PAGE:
If you believe that you or a family member may have ASPD, you will have to be referred to a mental health professional by your GP. They may also perform tests first to rule out any physical illness that may be causing the behaviour. Diagnosis can be a long process, especially due to the nature of this disorder where the individual may lie or provide inaccurate accounts of their symptoms.
People with ASPD rarely seek treatment as they may not want or feel they need it. They may seek out therapy for other reasons such as relationship problems, drug or alcohol abuse, or depression. They might also be ordered to have treatment by courts, or made to by family members. ASPD sufferers may be given Psychotherapy that focus on the individual learning to understand about the disorder and the consequences their behaviour may have in order to learn how to control it. Stress and anger management skills might also be taught, and a number of psychiatric medications can be used to treat symptoms.
The Covetous Antisocial is the ‘purest’ type, though it combines Narcissistic traits. They are driven by dissatisfaction with what they have in life. This subtype are often jealous of others, feeling that they haven’t been given the things that they deserve, and want to take what they feel is rightfully theirs without ever achieving a feeling of fulfilment.
The Reputation-defending Antisocial also has Narcissistic features, which leads them with a need to be seen as invincible by others. They do not respond lightly to criticism or insults. they must be recognised for the important individuals they feel they are and never treated with indifference.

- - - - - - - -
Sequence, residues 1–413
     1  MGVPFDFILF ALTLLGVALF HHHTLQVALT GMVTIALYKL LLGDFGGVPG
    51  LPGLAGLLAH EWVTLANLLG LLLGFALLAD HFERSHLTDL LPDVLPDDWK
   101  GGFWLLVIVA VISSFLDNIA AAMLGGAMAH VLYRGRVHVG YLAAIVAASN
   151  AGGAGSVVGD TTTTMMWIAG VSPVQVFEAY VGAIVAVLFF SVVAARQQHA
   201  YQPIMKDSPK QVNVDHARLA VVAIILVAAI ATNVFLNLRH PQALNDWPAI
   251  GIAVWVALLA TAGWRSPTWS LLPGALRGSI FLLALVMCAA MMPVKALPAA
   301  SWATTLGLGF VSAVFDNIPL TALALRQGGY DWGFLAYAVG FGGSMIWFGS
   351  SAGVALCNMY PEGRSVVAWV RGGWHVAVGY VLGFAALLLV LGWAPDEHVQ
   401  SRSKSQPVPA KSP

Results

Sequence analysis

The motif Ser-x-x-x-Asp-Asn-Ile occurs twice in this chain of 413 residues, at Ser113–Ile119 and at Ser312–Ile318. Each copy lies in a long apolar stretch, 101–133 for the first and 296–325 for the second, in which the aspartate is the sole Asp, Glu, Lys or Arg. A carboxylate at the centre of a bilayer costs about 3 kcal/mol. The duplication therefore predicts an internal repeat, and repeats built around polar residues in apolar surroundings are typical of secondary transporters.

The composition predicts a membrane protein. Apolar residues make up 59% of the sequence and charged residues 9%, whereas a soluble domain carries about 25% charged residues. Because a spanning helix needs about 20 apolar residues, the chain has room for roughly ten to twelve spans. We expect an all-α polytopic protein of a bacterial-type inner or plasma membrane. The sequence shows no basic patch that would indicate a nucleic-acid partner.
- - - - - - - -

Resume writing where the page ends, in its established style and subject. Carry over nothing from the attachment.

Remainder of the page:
The Risk-taking Antisocial has Histrionic traits, and likes to be seen as fearless in the face of danger. They actively seek out hazardous situations, enjoy taking risks, and are unfazed by potentially serious injuries. They are impulsive, reckless, and thrill seeking.
The Nomadic Antisocial combines Schizoid and Avoidant features. This type could be seen as far from the aggressive and antagonistic individual most people picture when confronted with the idea of ASPD. Feeling rejected and self-pitying, this subtype tend to detach themselves from the society they believe has cast them aside.
The Malevolent Antisocial has both Paranoid features, which leads them to anticipate betrayal; and Sadistic features, which causes them to act on their perceived mistreatment. They are resentful of others, ruthless in their actions, and do not feel guilt or fear of punishment.
© PDChat 2013
Antisocial Personality Disorder - Diagnostic and Statistical Manual of Mental Disorders Fourth edition Text Revision (DSM-IV-TR) American Psychiatric Association (2000)
Dis-social Personality Disorder - International Statistical Classification of Diseases and Related Health Problems 10th Revision (ICD-10)
Millon, Theodore (2006). "Personality Subtypes Summary”. The Official Website for Theodore Millon, Ph.D., D.Sc.. DICANDRIEN, Inc. http://millon.net/taxonomy/summary.htm.